These are chat archives for ReactiveX/RxJava

12th
Jul 2016
cavemansspa
@cavemansspa
Jul 12 2016 15:16

i'm using subscribeOn(Schedulers.io()) and noticed in my application log file that the tread name printed is e.g.: INFO 10:35:09.530 [RxCachedThreadScheduler-2207]

does that mean the rx thread cache has 2000 plus threads, or it's just that the thread ids are simply incrementing as they are created / released?

Dorus
@Dorus
Jul 12 2016 15:17
Schedulers.io() is made to make new threads so you dont lock up on io heavy tasks.
:point_up: 7 juli 2016 18:21
cavemansspa
@cavemansspa
Jul 12 2016 15:19
@Dorus understood, but it's not clear if these threads are being re-used.
Dorus
@Dorus
Jul 12 2016 15:25

mmm i scanned the code quickly and i think it should be caching the threads:

    /**
     * Create an instance of the default {@link Scheduler} used for {@link Schedulers#io()}
     * except using {@code threadFactory} for thread creation.
     */
    @Experimental
    public static Scheduler createIoScheduler(ThreadFactory threadFactory) {
        if (threadFactory == null) throw new NullPointerException("threadFactory == null");
        return new CachedThreadScheduler(threadFactory);
    }

https://github.com/ReactiveX/RxJava/blob/1.x/src/main/java/rx/plugins/RxJavaSchedulersHook.java#L72-L77

cavemansspa
@cavemansspa
Jul 12 2016 15:30
okay -- so it's unbounded per @benjchristensen. but i assume once you're done with a burst of async requests, threads will be re-used.
Dorus
@Dorus
Jul 12 2016 15:31
i would think so yes, but i dont know the code either. If you use aysnc requests i wouldnt expect it to use many threads at all.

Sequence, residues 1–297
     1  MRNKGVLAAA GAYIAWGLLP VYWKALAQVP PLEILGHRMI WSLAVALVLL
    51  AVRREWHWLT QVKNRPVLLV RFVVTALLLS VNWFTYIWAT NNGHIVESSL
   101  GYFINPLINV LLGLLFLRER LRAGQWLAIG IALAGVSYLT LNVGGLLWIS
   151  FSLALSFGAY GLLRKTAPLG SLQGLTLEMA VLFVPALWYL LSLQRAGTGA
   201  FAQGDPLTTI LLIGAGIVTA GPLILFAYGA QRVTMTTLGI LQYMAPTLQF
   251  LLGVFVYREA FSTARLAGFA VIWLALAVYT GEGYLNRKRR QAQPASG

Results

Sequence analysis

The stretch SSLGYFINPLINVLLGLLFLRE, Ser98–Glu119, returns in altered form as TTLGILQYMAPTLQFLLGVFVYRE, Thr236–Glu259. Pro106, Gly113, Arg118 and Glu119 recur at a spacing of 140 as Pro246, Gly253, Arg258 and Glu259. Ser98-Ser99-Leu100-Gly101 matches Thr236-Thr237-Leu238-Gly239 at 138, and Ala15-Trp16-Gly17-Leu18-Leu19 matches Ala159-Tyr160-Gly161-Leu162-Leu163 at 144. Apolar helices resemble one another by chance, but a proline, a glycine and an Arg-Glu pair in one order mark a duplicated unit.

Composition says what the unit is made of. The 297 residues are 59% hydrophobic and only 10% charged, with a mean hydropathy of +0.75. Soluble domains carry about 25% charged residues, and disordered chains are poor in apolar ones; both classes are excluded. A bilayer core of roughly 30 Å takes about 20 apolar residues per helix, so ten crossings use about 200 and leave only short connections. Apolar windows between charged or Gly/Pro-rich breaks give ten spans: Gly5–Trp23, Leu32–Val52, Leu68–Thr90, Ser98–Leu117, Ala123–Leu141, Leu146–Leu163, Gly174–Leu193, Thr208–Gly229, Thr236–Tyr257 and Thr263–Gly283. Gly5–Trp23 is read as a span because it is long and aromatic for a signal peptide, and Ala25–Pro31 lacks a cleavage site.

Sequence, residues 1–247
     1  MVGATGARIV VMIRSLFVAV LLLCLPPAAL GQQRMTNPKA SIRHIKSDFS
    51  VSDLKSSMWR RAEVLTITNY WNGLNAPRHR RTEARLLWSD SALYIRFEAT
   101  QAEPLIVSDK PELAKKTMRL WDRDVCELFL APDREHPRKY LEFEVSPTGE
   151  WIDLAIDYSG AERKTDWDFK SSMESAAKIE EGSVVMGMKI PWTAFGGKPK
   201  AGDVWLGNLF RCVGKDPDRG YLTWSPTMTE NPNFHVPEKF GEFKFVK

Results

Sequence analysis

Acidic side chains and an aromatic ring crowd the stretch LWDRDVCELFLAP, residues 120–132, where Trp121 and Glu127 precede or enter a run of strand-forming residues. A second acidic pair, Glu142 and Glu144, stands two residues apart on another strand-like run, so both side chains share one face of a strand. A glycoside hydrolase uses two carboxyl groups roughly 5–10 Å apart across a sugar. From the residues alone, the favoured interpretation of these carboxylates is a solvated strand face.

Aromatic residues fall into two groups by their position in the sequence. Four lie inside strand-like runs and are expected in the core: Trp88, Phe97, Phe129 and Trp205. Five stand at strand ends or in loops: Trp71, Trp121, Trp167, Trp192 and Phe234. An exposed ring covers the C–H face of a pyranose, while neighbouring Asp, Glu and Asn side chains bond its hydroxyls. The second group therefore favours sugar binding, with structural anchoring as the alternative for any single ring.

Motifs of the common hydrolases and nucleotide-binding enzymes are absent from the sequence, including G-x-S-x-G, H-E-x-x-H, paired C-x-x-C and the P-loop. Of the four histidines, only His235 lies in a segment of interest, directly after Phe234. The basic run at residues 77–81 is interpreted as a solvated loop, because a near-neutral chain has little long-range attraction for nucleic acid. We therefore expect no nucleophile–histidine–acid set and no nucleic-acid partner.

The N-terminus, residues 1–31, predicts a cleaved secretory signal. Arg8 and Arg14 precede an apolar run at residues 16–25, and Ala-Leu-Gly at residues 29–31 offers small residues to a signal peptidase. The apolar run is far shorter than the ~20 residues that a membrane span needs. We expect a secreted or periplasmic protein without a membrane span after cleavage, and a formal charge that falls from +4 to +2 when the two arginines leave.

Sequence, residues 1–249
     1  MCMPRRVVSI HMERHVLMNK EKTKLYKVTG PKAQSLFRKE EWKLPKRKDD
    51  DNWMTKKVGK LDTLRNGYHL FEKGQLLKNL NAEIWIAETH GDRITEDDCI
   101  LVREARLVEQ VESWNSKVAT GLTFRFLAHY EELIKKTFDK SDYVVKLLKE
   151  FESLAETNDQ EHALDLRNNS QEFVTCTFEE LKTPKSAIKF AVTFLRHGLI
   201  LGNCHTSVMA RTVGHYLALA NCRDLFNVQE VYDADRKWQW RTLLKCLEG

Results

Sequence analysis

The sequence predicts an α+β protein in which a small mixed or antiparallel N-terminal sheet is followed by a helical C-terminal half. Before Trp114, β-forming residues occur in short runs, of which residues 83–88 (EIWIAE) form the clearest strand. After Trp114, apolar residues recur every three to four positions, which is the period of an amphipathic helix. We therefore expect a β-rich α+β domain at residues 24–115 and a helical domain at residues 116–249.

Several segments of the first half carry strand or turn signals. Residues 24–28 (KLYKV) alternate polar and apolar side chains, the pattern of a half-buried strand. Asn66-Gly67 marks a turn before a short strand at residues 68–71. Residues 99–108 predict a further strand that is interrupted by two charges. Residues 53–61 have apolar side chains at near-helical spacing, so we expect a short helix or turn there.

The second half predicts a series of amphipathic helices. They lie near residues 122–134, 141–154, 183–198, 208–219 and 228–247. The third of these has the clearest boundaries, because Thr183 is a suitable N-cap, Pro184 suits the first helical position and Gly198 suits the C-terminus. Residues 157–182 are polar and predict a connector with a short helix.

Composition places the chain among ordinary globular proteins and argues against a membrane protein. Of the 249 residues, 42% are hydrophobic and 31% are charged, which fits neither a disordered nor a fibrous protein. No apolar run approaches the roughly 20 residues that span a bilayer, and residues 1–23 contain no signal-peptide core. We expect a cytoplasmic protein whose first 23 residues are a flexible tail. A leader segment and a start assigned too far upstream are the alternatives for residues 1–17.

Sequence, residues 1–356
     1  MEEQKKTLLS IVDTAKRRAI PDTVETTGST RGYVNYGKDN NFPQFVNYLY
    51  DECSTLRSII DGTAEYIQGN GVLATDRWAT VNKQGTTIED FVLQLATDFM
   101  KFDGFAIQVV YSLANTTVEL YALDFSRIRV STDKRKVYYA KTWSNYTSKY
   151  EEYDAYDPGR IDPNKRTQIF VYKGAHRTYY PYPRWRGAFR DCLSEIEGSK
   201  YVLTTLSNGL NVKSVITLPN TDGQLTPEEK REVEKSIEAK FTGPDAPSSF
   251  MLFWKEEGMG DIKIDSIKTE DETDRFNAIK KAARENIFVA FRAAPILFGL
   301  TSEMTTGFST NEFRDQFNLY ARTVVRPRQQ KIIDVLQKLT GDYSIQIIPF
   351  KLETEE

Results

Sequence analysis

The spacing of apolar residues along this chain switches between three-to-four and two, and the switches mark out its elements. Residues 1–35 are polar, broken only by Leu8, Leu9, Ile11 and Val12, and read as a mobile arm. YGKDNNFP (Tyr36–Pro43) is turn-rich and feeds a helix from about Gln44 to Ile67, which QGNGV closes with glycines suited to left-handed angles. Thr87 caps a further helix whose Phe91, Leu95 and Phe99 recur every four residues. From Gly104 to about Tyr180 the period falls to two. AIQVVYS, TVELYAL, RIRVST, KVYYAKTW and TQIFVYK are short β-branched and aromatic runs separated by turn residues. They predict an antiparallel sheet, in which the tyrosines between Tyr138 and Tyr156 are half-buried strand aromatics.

I ran a small sample and it gives RxIoScheduler-2 for the first thread.
2207 is high
Ran it 4 times and is uses RxIoScheduler-2 4 times.
mm, now it does rack up the number
cavemansspa
@cavemansspa
Jul 12 2016 15:35
right, i was thinking the RxCachedScheduler might have an upper limit and queue up work. i can see where i can get a burst of 2000 requests. seems to handle fine, but wanting to understand the potential affects.
Dorus
@Dorus
Jul 12 2016 15:37
        Action1<String> printMe =
                new Action1<String>() {
            @Override
            public void call(String s) {
                System.out.println(Thread.currentThread().getName());
            }
        };

        Observable<String> ob = Observable.just("").delay(1, TimeUnit.SECONDS, Schedulers.io()).subscribeOn(Schedulers.io());
        ob.subscribe(printMe);
        ob.subscribe(printMe);
        ob.subscribe(printMe);
        ob.subscribe(printMe);
-->
RxIoScheduler-5
RxIoScheduler-8
RxIoScheduler-9
RxIoScheduler-7
David Karnok
@akarnokd
Jul 12 2016 16:32
@cavemansspa IO threads have a TTL of 60 seconds by default when they are shut down. Their thread name contains an ever incrementing number. I'm guessing you don't have 2000+ threads hanging around in your app.
cavemansspa
@cavemansspa
Jul 12 2016 17:51
@akarnokd -- okay, good to know.
cavemansspa
@cavemansspa
Jul 12 2016 18:03
so Schedulers.io() is unbounded? can we potentially blow up some upper limit of threads or RxCachedScheduler pooling manages that?
David Karnok
@akarnokd
Jul 12 2016 19:02
Yes, unbounded.
cavemansspa
@cavemansspa
Jul 12 2016 19:09
does unbounded mean it internally handles the case where we request more threads than available on jvm / machine?
David Karnok
@akarnokd
Jul 12 2016 19:24
No, it crashes with OutOfMemoryError; there are no internal limits. Use Schedulers.from() with a custom ThreadPoolExecutorService.
cavemansspa
@cavemansspa
Jul 12 2016 19:27
ok, thanks for clarification. although nowadays, i believe number of threads on a 64 bit jvm is quite large, so prob won't hit an issue in my use-case. but good to know the alternative.